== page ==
Several months ago, Jeffrey M. Weinberg, MD, discussed a possible diagnosis of dyshidrosis or other form of eczema in a patient with pedal cracking (Item 96-11). In 1985, a 22-year-old woman presented with a six-year history of itching, cracking, and vesiculation on the sole that frequently progressed to raw oozing. She had tried many topical agents, antihistamines, and corticosteroids. Because the symptoms were worse in the spring when the mold count was high and she had greater contact with grass, I did allergy testing and gave her a hyposensitivity shot for molds. Clearance of the rash occurred in two weeks and continues to this day with seasonal allergy shots.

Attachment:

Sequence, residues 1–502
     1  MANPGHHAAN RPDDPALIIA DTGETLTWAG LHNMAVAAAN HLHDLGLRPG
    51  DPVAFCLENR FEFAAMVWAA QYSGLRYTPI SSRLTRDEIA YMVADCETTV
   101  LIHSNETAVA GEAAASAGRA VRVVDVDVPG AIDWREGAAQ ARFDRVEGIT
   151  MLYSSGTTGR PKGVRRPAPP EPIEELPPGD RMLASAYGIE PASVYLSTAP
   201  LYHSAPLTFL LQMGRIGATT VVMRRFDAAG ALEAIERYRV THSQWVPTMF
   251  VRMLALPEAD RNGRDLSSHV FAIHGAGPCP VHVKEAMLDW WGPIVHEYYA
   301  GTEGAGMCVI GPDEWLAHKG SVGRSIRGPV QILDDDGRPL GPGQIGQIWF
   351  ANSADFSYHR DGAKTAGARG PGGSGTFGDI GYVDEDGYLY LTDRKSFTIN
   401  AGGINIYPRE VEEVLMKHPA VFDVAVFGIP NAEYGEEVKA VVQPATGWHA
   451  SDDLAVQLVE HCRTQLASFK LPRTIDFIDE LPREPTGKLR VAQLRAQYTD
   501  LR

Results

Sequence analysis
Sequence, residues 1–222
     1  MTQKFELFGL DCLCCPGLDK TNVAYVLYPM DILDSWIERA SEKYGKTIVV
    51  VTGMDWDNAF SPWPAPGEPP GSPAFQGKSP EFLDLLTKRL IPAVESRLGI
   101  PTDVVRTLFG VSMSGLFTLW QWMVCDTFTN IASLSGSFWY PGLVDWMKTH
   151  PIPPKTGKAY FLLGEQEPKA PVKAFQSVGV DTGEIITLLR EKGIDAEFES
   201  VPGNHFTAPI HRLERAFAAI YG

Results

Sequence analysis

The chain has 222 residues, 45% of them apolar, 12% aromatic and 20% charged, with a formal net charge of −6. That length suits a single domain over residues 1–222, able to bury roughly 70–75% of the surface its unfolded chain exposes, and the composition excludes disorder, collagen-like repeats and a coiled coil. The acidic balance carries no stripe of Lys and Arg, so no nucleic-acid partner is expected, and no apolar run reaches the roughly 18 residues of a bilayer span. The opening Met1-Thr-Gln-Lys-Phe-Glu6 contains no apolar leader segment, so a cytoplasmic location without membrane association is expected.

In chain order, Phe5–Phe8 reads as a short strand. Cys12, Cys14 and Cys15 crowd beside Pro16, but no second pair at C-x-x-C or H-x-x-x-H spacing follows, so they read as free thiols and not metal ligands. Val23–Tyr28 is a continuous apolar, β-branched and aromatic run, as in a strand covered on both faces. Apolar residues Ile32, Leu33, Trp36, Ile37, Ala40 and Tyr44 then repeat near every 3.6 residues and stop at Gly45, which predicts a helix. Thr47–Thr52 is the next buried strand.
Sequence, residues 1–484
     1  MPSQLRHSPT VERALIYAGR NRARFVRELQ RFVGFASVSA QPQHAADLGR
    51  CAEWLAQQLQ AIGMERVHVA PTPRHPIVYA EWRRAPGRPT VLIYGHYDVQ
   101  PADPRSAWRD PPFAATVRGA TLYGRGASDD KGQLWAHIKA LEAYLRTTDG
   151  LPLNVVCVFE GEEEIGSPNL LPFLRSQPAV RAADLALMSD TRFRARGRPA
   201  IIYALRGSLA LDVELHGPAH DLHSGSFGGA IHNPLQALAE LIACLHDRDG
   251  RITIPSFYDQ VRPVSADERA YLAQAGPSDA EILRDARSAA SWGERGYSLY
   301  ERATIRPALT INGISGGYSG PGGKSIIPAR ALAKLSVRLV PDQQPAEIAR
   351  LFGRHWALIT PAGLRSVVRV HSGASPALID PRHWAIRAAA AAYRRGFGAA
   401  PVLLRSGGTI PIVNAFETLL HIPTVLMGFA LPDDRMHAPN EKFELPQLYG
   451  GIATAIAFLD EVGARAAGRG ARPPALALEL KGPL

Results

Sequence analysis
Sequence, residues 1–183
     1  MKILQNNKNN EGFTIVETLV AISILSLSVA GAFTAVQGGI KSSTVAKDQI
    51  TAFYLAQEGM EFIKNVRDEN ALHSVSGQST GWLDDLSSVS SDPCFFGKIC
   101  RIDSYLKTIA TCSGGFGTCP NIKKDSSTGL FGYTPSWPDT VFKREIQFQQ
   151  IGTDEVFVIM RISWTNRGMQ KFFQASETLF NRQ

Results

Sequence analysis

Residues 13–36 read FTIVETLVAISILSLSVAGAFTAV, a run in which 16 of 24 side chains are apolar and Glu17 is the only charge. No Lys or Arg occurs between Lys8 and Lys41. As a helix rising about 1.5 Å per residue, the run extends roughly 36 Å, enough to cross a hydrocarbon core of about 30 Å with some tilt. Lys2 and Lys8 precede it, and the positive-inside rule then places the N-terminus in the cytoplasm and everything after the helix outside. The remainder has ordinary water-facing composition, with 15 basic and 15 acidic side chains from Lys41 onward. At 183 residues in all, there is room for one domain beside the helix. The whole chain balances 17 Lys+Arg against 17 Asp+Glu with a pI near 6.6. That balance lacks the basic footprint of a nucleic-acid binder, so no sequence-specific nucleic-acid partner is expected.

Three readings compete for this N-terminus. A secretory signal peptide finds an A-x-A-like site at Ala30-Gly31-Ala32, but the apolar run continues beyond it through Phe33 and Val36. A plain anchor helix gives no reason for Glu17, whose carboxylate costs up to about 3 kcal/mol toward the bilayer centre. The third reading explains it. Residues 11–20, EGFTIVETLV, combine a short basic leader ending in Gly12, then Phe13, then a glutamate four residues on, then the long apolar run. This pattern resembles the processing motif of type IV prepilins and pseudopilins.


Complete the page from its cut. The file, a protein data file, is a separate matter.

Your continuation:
—S.A. Claassen, MD, Bristow, Neb.
This is an interesting observation, which may be worthy of a case report. It has long been postulated that microorganisms, including yeasts and molds, play an influential role in atopic dermatitis pathogenesis, interacting with disease susceptibility genes to cause initiation and/or exacerbation of disease activity. Yeasts belonging to the Malassezia genus have received particular attention. Therefore, there may be a lot of merit in this finding.
—Jeffrey M. Weinberg, MD (105-21)